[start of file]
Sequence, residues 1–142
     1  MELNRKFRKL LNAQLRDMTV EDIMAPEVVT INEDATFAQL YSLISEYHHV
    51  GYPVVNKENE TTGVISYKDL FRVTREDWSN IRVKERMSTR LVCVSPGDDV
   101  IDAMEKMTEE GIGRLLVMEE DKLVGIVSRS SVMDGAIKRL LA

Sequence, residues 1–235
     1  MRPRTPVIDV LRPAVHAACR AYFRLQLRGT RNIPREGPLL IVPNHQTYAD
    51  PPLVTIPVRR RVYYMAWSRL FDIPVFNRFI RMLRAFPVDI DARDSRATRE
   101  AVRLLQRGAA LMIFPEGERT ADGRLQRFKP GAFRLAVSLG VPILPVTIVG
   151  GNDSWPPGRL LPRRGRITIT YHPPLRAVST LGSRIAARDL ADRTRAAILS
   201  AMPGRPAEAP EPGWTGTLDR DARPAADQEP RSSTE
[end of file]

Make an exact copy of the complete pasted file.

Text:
Sequence, residues 1–142
     1  MELNRKFRKL LNAQLRDMTV EDIMAPEVVT INEDATFAQL YSLISEYHHV
    51  GYPVVNKENE TTGVISYKDL FRVTREDWSN IRVKERMSTR LVCVSPGDDV
   101  IDAMEKMTEE GIGRLLVMEE DKLVGIVSRS SVMDGAIKRL LA

Sequence, residues 1–235
     1  MRPRTPVIDV LRPAVHAACR AYFRLQLRGT RNIPREGPLL IVPNHQTYAD
    51  PPLVTIPVRR RVYYMAWSRL FDIPVFNRFI RMLRAFPVDI DARDSRATRE
   101  AVRLLQRGAA LMIFPEGERT ADGRLQRFKP GAFRLAVSLG VPILPVTIVG
   151  GNDSWPPGRL LPRRGRITIT YHPPLRAVST LGSRIAARDL ADRTRAAILS
   201  AMPGRPAEAP EPGWTGTLDR DARPAADQEP RSSTE